What about the pilot?  Can he see what the infantryman did?  In this story, he was able to locate the building in which the Israelis were pinned down, but it may not be so easy in every instance.

Part of the controversy surrounding the plans to eliminate the beloved A-10 (Warthog) has to do with how the Air Force sees itself. A-10s fly low to the ground (Robert:”We can see them eyeball to eyeball”).  But the Air Force doesn’t think of itself as a close ground support service.  They want to rely on the high-flying B-2, and use to technology to compensate for the distance of the pilot from the ground.  Would the trapped Israeli scenario described above be possible if the pilot was flying a B-2?  Would the infantryman know enough to make the proper request to the most appropriate airplane?

Let’s say the infantryman, or more likely a forward observer, was adequately trained for interoperable communications. Could he do anything else useful?  This is not a facetious question. Modern American soldiers are among the most educated in history. In order to coordinate with other services, they will have to learn even more. Cognitive overload is a definite danger.

Even if we are able to adequately train all the services to work well and play nice together, will it do any good? As noted above, American military personnel had been trained in interoperability for the Grenada invasion. Interoperability failed almost immediately. A number of reasons have been cited, but one of the more interesting is the lack of “exercise realism.” Joint service exercises are thoroughly prepared and optimized for results. Of course, “no battle plan ever survives contact with the enemy,” but multiple service cooperation adds a layer of complexity that is easily disrupted.

There are other difficulties, which will be familiar to anyone who has read about interoperable battlefield communications. The need for an open network conflicts with security requirements. Bandwidth management is already a problem, but will get worse with an increase in radio communications.

Interoperable communications have vastly improved. Tales of pilots talking directly to ground-pounders inspire a ho-hum reaction. But we have a long way to go before we fulfill the true promise of interoperability.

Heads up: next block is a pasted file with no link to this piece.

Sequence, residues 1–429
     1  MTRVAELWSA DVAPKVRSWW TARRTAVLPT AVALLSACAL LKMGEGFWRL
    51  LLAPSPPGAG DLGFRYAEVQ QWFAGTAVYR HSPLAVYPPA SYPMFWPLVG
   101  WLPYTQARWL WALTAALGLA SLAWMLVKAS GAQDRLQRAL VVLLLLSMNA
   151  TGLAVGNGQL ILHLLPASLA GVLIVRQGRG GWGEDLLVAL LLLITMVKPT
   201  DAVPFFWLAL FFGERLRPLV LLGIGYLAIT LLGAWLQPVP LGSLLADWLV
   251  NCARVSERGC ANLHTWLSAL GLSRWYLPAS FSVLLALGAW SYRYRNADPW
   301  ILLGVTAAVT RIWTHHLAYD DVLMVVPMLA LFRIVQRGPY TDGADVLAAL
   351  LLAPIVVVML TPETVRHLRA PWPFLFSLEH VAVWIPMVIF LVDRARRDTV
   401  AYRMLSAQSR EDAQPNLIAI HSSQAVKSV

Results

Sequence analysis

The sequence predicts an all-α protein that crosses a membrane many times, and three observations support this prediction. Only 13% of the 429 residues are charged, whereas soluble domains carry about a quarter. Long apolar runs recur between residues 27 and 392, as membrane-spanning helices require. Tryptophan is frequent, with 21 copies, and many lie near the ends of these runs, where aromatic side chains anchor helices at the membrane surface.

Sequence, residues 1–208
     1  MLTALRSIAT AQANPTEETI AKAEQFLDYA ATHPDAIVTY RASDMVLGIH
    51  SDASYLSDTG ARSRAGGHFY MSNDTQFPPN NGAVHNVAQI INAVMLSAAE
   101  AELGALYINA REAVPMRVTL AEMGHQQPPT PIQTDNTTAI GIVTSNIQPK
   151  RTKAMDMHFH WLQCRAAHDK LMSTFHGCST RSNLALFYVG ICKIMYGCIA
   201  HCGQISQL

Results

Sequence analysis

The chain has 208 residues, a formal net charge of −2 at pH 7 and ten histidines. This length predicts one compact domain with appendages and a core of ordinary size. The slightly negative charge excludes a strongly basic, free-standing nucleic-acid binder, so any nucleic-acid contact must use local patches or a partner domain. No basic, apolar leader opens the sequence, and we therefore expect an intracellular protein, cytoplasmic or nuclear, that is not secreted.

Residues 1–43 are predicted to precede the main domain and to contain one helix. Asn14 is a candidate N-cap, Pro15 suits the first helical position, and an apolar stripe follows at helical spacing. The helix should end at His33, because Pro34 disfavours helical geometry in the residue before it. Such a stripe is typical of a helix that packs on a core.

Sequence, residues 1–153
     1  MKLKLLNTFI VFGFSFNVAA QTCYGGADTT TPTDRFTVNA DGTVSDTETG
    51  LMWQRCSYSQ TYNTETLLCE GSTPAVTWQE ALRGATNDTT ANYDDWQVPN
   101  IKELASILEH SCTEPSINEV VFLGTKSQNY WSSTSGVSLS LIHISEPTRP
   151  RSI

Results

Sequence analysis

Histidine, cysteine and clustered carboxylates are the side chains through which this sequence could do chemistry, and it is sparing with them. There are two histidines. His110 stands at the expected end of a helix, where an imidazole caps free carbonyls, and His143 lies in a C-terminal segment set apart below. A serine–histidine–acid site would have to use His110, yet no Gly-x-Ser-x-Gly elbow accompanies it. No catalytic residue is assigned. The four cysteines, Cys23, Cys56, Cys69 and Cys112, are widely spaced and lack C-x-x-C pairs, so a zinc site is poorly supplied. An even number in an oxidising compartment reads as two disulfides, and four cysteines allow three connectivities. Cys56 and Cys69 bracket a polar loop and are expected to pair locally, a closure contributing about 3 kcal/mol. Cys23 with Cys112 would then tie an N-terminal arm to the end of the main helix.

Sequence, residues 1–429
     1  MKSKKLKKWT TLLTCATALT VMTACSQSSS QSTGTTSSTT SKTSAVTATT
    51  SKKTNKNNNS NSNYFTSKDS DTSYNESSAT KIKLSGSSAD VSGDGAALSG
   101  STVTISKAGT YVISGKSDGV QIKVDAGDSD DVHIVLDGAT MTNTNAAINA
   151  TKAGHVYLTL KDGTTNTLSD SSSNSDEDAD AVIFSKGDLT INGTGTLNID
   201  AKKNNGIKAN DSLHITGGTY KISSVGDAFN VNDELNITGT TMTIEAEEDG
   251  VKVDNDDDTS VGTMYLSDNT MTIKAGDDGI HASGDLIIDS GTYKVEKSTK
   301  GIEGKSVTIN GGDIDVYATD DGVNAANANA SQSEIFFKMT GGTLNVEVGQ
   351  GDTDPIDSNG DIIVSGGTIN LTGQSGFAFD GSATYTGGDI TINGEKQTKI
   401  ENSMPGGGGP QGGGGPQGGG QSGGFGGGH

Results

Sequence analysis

For his insights, many thanks to Rob Culver.

 He can be reached at (603) 325 3376 or robertc@amrel.com.

 

 

 

FirstNet By The Numbers [INFOGRAPHIC & PPT]

FirstNet JPEG v2Oregon’s Single Point of Contact (SPOC) for FirstNet, Steve Noel, had a problem.  He and the Oregon state outreach team needed to contact hundreds of officials about the ambitious plan to provide interoperable communications for First Responders.  Even for communications professionals, FirstNet is not the easiest thing to understand.

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Inspired by Pinterest, they put together a bare-bones, fact-filled infographic.  This straightforward graphic explanation of basic facts has proven extremely effective and surprisingly popular. Buoyed by success of inforgraphic, Steve created a companion PowerPoint demonstration. If you are looking for a good introduction to FirstNet, view infographic here.  For more information, download Power Point.

No more free UGVs for police

As the violent images of Ferguson, Missouri permeate the media, a debate has erupted about the “militarization of police.”  Strangely, this controversy might affect the utilization of Unmanned Ground Vehicles (UGV) by Public Safety departments.  The same federal program – Defense Logistics Agency (DLA) 1033 – that delivers riot shields and automatic weapons to police departments for free, also distributes UGVs.

Basically, the feds are transferring extraneous equipment, including UGVs, from the military to the police. Cash-strapped police departments love this.  Others not so much.

Some UGV developers have complained that the free robots dampen their market. Others in the unmanned community have pooh-poohed this idea by claiming that the UGVs being offered by the 1033 program are old, obsolete and/or too banged up to be of value.